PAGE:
An aircraft tire or tyre is designed to withstand extremely heavy loads for short durations. The number of tires required for aircraft increases with the weight of the aircraft, as the weight of the airplane needs to be distributed more evenly. Aircraft tire tread patterns are designed to facilitate stability in high crosswind conditions, to channel water away to prevent hydroplaning, and for braking effect.
Aircraft tires also include fusible plugs (which are assembled on the inside of the wheels), designed to melt at a certain temperature. Tires often overheat if maximum braking is applied during an aborted takeoff or an emergency landing. The fuses provide a safer failure mode that prevents tire explosions by deflating in a controlled manner, thus minimizing damage to aircraft and objects in the surrounding environment.
Aircraft tires are usually inflated with nitrogen to minimize expansion and contraction from extreme changes in ambient temperature and pressure experienced during flight. Dry nitrogen expands at the same rate as other dry atmospheric gases (normal air is about 80% nitrogen), but common compressed air sources may contain moisture, which increases the expansion rate with temperature. Aircraft tires generally operate at high pressures, up to 200 pounds per square inch (14 bar; 1,400 kPa) for airliners, and even higher for business jets. Tests of airliner aircraft tires have shown that they are able to sustain pressures of maximum 800 pounds per square inch (55 bar; 5,500 kPa) before bursting. During the tests the tires have to be filled with water, to prevent the test room being blown apart by the energy that would be released by a gas when the tire bursts.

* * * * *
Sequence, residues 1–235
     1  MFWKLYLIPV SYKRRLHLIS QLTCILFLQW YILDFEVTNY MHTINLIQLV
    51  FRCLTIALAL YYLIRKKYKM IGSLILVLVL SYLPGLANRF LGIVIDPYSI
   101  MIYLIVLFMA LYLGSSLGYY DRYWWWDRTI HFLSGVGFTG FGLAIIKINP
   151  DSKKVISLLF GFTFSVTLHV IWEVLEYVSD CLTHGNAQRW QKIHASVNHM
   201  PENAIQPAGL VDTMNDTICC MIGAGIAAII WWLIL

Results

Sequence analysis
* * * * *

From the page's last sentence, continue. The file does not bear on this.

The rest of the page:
The requirement that an inert gas, such as nitrogen, be used instead of air for inflation of tires on certain transport category airplanes was prompted by at least three cases in which the oxygen in air-filled tires combined with volatile gases given off by a severely overheated tire and exploded upon reaching autoignition temperature. The use of an inert gas for tire inflation will eliminate the possibility of a tire explosion.
The four major manufacturers in aircraft tire manufacturing are the following according to a report by Pelmar Engineering in 2013:
- Goodyear (United States)
- Michelin (France)
- Dunlop Aircraft Tyres (United Kingdom)
- Bridgestone (Japan)
These major firms form an oligopoly that controls approximately 85% of the manufacturing market and account for most of the retreads. Dunlop is the smallest player among the major firms with revenue reported at £40m in a 2015 media report.
There are several other smaller industry players, particularly in China. Among these producers are Guilin-based Guilin Lanyu Aircraft Tire Development Co., a subsidiary of ChemChina that was founded in 1980; a Yinchuan, Ningxia located aircraft tire plant owned by Singapore-based Giti Tire; and Qingdao, Shandong-based Sentury Tire, which manufactures tires for the Boeing 737.
Yokohama Rubber had been manufacturing aircraft tires since 1940 but shut down its operations and made no more deliveries after 2009. The company decided to close down the aircraft unit because its sales were low, having revenue of only 800 million JPY or about 8 million USD in the 2008-9 fiscal year, and it assessed the future outlook of the industry as lacking in strong growth.
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- "FAA Airworthiness Directive". Retrieved 2013-06-15.
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- Federal Aviation Administration, Use of Nitrogen or Other Inert Gas for Tire Inflation in Lieu of Air
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- Peled, Jacob. "Aircraft Tire Production-New Horizons". SlideShare. Pelmar Engineering Limited.
- "Dunlop Aircraft Tyres' niche approach bucks UK trend". Financial Times. September 6, 2015.
- "Triangle Group to add aircraft radials to range". Rubber News. May 17, 2012.
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